Operators in Standard SQL

Operators are represented by special characters or keywords; they do not use function call syntax. An operator manipulates any number of data inputs, also called operands, and returns a result.

Common conventions:

  • Unless otherwise specified, all operators return NULL when one of the operands is NULL.
  • All operators will throw an error if the computation result overflows.
  • For all floating point operations, +/-inf and NaN may only be returned if one of the operands is +/-inf or NaN. In other cases, an error is returned.

The following table lists all BigQuery operators from highest to lowest precedence, i.e. the order in which they will be evaluated within a statement.

Order of Precedence Operator Input Data Types Name Operator Arity
1 . STRUCT
Member field access operator Binary
  [ ] ARRAY Array position. Must be used with OFFSET or ORDINAL—see ARRAY Functions. Binary
2 - All numeric types Unary minus Unary
  ~ Integer or BYTES Bitwise not Unary
3 * All numeric types Multiplication Binary
  / All numeric types Division Binary
4 + All numeric types Addition Binary
  - All numeric types Subtraction Binary
5 << Integer or BYTES Bitwise left-shift Binary
  >> Integer or BYTES Bitwise right-shift Binary
6 & Integer or BYTES Bitwise and Binary
7 ^ Integer or BYTES Bitwise xor Binary
8 | Integer or BYTES Bitwise or Binary
9 (Comparison Operators) = Any comparable type. See Data Types for a complete list. Equal Binary
  < Any comparable type. See Data Types for a complete list. Less than Binary
  > Any comparable type. See Data Types for a complete list. Greater than Binary
  <= Any comparable type. See Data Types for a complete list. Less than or equal to Binary
  >= Any comparable type. See Data Types for a complete list. Greater than or equal to Binary
  !=, <> Any comparable type. See Data Types for a complete list. Not equal Binary
  [NOT] LIKE STRING and byte Value does [not] match the pattern specified Binary
  [NOT] BETWEEN Any comparable types. See Data Types for list. Value is [not] within the range specified Binary
  [NOT] IN Any comparable types. See Data Types for list. Value is [not] in the set of values specified Binary
  IS [NOT] NULL All Value is [not] NULL Unary
  IS [NOT] TRUE BOOL Value is [not] TRUE. Unary
  IS [NOT] FALSE BOOL Value is [not] FALSE. Unary
10 NOT BOOL Logical NOT Unary
11 AND BOOL Logical AND Binary
12 OR BOOL Logical OR Binary

Operators with the same precedence are left associative. This means that those operators are grouped together starting from the left and moving right. For example, the expression:

x AND y AND z

is interpreted as

( ( x AND y ) AND z )

The expression:

x * y / z

is interpreted as:

( ( x * y ) / z )

All comparison operators have the same priority and are grouped using left associativity. However, comparison operators are not associative. As a result, it is recommended that you use parentheses to improve readability and ensure expressions are resolved as desired. For example:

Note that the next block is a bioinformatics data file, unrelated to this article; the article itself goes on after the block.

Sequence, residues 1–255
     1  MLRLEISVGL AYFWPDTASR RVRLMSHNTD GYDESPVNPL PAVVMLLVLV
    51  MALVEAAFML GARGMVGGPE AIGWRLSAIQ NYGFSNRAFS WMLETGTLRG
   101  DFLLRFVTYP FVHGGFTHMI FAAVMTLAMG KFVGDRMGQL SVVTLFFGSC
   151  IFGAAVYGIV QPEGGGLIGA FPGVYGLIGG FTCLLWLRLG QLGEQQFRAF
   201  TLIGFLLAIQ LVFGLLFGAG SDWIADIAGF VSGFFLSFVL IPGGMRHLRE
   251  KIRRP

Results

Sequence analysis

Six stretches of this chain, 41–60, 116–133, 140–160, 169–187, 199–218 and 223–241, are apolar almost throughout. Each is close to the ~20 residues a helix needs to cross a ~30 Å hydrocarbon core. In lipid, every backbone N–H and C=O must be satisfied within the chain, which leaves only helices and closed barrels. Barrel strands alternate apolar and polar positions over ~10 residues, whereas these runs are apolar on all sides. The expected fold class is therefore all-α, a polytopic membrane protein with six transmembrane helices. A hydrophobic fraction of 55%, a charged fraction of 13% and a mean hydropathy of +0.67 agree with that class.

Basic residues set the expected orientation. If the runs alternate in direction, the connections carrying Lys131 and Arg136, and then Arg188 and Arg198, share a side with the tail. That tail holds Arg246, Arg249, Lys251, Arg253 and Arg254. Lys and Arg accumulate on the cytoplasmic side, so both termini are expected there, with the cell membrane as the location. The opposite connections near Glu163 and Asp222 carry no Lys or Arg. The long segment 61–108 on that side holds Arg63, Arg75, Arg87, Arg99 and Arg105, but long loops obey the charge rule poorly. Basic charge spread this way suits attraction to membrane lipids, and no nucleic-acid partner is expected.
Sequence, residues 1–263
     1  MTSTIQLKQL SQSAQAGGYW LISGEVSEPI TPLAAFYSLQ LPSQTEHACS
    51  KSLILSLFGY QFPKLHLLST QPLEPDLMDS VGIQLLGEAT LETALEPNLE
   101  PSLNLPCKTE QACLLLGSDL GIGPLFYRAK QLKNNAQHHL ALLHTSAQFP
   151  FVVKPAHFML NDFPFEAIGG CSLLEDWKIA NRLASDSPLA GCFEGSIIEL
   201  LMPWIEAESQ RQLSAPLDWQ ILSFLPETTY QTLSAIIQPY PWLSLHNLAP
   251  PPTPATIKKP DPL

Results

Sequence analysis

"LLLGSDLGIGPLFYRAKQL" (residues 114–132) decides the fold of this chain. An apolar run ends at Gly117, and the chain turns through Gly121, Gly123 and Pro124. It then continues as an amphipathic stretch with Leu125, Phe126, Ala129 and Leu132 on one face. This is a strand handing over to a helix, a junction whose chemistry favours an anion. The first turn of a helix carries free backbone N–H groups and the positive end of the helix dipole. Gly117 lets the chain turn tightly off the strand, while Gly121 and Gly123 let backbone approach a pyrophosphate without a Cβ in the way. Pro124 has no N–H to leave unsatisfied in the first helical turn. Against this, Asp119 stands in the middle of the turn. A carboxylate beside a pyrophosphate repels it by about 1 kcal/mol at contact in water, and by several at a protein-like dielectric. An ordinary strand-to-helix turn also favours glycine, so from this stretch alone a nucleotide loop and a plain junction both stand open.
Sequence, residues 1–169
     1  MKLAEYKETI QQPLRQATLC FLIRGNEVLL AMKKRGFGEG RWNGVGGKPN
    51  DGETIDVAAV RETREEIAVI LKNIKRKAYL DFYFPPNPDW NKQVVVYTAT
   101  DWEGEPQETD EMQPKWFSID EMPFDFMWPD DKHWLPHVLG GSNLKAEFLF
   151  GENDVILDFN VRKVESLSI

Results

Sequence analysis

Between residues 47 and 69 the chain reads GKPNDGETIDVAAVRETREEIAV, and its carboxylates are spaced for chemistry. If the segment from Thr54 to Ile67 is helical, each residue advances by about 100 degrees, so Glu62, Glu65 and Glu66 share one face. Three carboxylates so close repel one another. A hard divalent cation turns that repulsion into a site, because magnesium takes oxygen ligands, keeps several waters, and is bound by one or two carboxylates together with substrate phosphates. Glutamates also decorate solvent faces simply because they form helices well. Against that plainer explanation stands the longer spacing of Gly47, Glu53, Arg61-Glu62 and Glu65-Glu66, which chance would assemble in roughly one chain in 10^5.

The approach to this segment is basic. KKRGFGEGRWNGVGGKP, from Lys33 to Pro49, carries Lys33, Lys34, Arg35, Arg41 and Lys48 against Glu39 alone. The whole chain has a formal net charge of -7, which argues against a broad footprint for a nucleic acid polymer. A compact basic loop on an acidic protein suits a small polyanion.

(x < y) IS FALSE

is recommended over:

x < y IS FALSE

Element access operators

Operator Syntax Input Data Types Result Data Type Description
. expression.fieldname1... STRUCT
Type T stored in fieldname1 Dot operator. Can be used to access nested fields, e.g.expression.fieldname1.fieldname2...
[ ] array_expression [position_keyword (int_expression ) ] See ARRAY Functions. Type T stored in ARRAY position_keyword is either OFFSET or ORDINAL. See ARRAY Functions for the two functions that use this operator.

Arithmetic operators

All arithmetic operators accept input of numeric type T, and the result type has type T unless otherwise indicated in the description below:

Name Syntax
Addition X + Y
Subtraction X - Y
Multiplication X * Y
Division X / Y
Unary Minus - X

NOTE: Divide by zero operations return an error. To return a different result, consider the IEEE_DIVIDE or SAFE_DIVIDE functions.

Result types for Addition and Multiplication:

 INT64NUMERICFLOAT64
INT64INT64NUMERICFLOAT64
NUMERICNUMERICNUMERICFLOAT64
FLOAT64FLOAT64FLOAT64FLOAT64

Result types for Subtraction:

 INT64NUMERICFLOAT64
INT64INT64NUMERICFLOAT64
NUMERICNUMERICNUMERICFLOAT64
FLOAT64FLOAT64FLOAT64FLOAT64

Result types for Division:

 INT64NUMERICFLOAT64
INT64FLOAT64NUMERICFLOAT64
NUMERICNUMERICNUMERICFLOAT64
FLOAT64FLOAT64FLOAT64FLOAT64

Result types for Unary Minus:

Input Data Type Result Data Type
INT64 INT64
NUMERIC NUMERIC
FLOAT64 FLOAT64

Bitwise operators

All bitwise operators return the same type and the same length as the first operand.

Name Syntax Input Data Type Description
Bitwise not ~ X Integer or BYTES Performs logical negation on each bit, forming the ones' complement of the given binary value.
Bitwise or X | Y X: Integer or BYTES
Y: Same type as X
Takes two bit patterns of equal length and performs the logical inclusive OR operation on each pair of the corresponding bits. This operator throws an error if X and Y are BYTES of different lengths.
Bitwise xor X ^ Y X: Integer or BYTES
Y: Same type as X
Takes two bit patterns of equal length and performs the logical exclusive OR operation on each pair of the corresponding bits. This operator throws an error if X and Y are BYTES of different lengths.
Bitwise and X & Y X: Integer or BYTES
Y: Same type as X
Takes two bit patterns of equal length and performs the logical AND operation on each pair of the corresponding bits. This operator throws an error if X and Y are BYTES of different lengths.
Left shift X << Y X: Integer or BYTES
Y: INT64
Shifts the first operand X to the left. This operator returns 0 or a byte sequence of b'\x00' if the second operand Y is greater than or equal to the bit length of the first operand X (for example, 64 if X has the type INT64). This operator throws an error if Y is negative.
Right shift X >> Y X: Integer or BYTES
Y: INT64